Although I was clear that I was not actually proposing to destroy anything and instead the piece was an exercise in what author Lewis Hyde would call 'disruptive imagination', it was felt by the organisation that such nuance could be lost, and the organisation would be exposed to a stormy onslaught of public opinion that would be difficult to weather.
I am also aware that cultural organisations lead precarious lives at best, and that such storms can potentially lead to a loss of funding. I understand this and so agreed to adapt the project to a 'safer' option. But I am also disappointed because I believe art is supposed to be risky. It is supposed to ask difficult questions. It is supposed to expose us to 'the other'.
As such, through fruitful conversations and extensive support from the collection managers, the project has resulted in the 'Kill Your Darlings' exhibition. This exhibition, I believe, touches on these important ideas of value, publicness, and dissensus. I have also commissioned a series of conversations to explore this in more discursive frameworks.
The final work consists of an exhibition that features three elements. The first is a pile of representative items from the collection: taxidermy fish sit next to marble statues, rare cameras from the 1800s lean against archaeological finds and bones; Roman coins sit next to sporrans from the seventeenth century; oil paintings and insects brush up against scientific instruments. Some of these can be found on Art UK (for example, Neoclassical Figure of an Unknown Woman).
As the Senior Collection Manager said, despairingly, this display gives the impression of being 'more junk shop than museum'. But isn't a museum a junk shop of a different name? Just a collection of old stuff valued by some, but not by others? This part of the exhibition, therefore, aims to challenge what a collection should be.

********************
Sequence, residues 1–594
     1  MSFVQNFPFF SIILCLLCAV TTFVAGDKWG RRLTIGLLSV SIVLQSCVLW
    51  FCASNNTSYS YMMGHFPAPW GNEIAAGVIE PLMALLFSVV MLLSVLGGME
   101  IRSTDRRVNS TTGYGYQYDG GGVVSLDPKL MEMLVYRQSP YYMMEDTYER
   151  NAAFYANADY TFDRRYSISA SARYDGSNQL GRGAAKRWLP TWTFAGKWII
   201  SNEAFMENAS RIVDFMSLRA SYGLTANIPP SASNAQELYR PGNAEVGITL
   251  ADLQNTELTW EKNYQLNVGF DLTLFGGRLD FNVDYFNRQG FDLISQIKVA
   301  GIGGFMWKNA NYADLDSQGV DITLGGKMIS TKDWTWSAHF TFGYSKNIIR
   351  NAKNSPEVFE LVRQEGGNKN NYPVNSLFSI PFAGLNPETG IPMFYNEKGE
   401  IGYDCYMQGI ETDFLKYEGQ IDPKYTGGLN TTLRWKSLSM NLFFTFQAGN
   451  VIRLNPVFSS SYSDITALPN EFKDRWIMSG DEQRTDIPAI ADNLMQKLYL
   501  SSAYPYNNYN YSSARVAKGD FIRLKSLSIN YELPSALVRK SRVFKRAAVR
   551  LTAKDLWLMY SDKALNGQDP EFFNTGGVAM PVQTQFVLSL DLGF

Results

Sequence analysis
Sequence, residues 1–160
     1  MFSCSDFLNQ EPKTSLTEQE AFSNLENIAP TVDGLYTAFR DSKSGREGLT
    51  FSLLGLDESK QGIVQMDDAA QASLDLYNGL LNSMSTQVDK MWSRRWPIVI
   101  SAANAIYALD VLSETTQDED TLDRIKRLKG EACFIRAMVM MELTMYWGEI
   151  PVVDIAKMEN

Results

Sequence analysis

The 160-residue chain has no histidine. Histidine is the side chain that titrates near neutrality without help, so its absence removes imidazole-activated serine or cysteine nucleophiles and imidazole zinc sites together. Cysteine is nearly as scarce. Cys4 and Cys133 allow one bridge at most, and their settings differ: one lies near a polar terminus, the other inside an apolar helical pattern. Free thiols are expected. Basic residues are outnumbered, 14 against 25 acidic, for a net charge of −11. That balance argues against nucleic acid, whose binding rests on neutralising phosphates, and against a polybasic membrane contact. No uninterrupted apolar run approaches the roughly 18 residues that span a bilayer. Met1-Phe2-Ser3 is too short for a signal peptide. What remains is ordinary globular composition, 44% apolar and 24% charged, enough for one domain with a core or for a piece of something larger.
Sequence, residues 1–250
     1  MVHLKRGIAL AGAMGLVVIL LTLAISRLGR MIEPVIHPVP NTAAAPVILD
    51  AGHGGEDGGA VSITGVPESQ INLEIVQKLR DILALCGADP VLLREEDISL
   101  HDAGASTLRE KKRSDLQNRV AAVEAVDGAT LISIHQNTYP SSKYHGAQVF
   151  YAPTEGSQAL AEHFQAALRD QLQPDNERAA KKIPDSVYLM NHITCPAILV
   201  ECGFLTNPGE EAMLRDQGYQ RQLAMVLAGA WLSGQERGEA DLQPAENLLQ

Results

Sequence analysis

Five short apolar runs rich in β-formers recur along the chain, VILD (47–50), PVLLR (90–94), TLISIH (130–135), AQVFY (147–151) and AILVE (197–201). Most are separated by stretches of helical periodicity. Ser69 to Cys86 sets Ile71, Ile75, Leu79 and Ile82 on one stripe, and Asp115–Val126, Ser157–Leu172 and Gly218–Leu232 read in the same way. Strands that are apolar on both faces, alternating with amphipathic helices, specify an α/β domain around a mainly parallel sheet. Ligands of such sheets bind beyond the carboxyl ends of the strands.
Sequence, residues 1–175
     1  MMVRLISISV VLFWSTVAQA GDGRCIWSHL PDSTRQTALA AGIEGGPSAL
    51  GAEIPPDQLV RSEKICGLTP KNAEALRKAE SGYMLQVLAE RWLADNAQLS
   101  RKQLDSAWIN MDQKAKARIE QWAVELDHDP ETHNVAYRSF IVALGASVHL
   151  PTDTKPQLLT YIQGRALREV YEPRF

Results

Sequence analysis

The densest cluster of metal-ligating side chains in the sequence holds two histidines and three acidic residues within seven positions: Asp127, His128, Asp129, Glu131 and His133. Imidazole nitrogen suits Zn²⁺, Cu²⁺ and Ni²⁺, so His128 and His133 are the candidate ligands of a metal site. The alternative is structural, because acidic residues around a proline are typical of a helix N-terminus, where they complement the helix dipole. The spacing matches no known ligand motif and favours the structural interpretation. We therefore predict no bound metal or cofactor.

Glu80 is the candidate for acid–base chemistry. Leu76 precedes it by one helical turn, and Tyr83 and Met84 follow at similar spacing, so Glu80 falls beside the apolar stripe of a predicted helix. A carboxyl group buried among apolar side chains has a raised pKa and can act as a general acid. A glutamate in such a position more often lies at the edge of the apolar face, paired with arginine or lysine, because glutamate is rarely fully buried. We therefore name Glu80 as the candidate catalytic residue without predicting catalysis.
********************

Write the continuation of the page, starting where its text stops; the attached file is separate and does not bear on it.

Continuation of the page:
The second part of the exhibition features a public vote where people are asked to choose which of 11 objects is the 'most valuable'. That notion of 'value' is undefined, and left for the public to interpret. Importantly, the votes are visible to other participants, so everyone can see how items are being valued by others – this may or may not influence their choices.
At the time of publication, a pair of Inuit snow goggles were considered the most valued, over other objects including local artisan glass, engraved pistols, marble sculptures, taxidermy, precious jewels and world cultures. The item with the least number of votes will be symbolically destroyed at the close of the exhibition.
These fab Inuit snow goggles have currently received the most votes as the 'most valued' object in @anthonyschrag's exhibition, Kill Your Darlings. Made from wood and leather, they have been shaped to fit closely the face with small slits barely big enough to see through. pic.twitter.com/URbGifSbXK— Culture Perth & Kinross Museums (@CPKMuseums) March 14, 2022
The last element invites the public to write directly onto the walls of the museum, allowing their opinions and considerations to sit in direct conversation with others. Often, these are oppositional perspectives, but they highlight and underpin the diversity of public insight and opinion.
This diversity of value brings us back to notions of 'otherness' and public engagement: how might any collection encourage such public conversation? Consider Fergusson's Self-Portrait: The Grey Hat – how can this item speak to multiple publics? Do we have enough of this type of story, and if we removed it from the public domain, would we be lesser? Or would we be making space for other stories? How can we confront ourselves and present new formats of a public museum collection? My suggestion is that the answer lies in a potential denial: let's imagine it gone, finished and destroyed ... and let's work backwards from that to ensure we get it right.
Anthony Schrag, artist, researcher and senior lecturer
'Kill Your Darlings' is open at Perth Museum & Art Gallery until 8th May 2022
This content was supported by Creative Scotland